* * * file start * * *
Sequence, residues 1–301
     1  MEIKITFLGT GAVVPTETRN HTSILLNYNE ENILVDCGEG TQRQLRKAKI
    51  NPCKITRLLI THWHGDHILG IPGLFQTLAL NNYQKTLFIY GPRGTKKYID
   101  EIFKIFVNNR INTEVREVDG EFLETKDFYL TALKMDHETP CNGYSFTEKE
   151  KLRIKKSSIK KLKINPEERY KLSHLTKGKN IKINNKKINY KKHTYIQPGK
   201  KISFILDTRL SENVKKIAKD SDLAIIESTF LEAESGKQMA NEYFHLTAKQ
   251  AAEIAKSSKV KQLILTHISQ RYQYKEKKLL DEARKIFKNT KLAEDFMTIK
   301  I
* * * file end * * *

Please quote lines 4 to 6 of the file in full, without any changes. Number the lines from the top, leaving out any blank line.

   101  EIFKIFVNNR INTEVREVDG EFLETKDFYL TALKMDHETP CNGYSFTEKE
   151  KLRIKKSSIK KLKINPEERY KLSHLTKGKN IKINNKKINY KKHTYIQPGK
   201  KISFILDTRL SENVKKIAKD SDLAIIESTF LEAESGKQMA NEYFHLTAKQ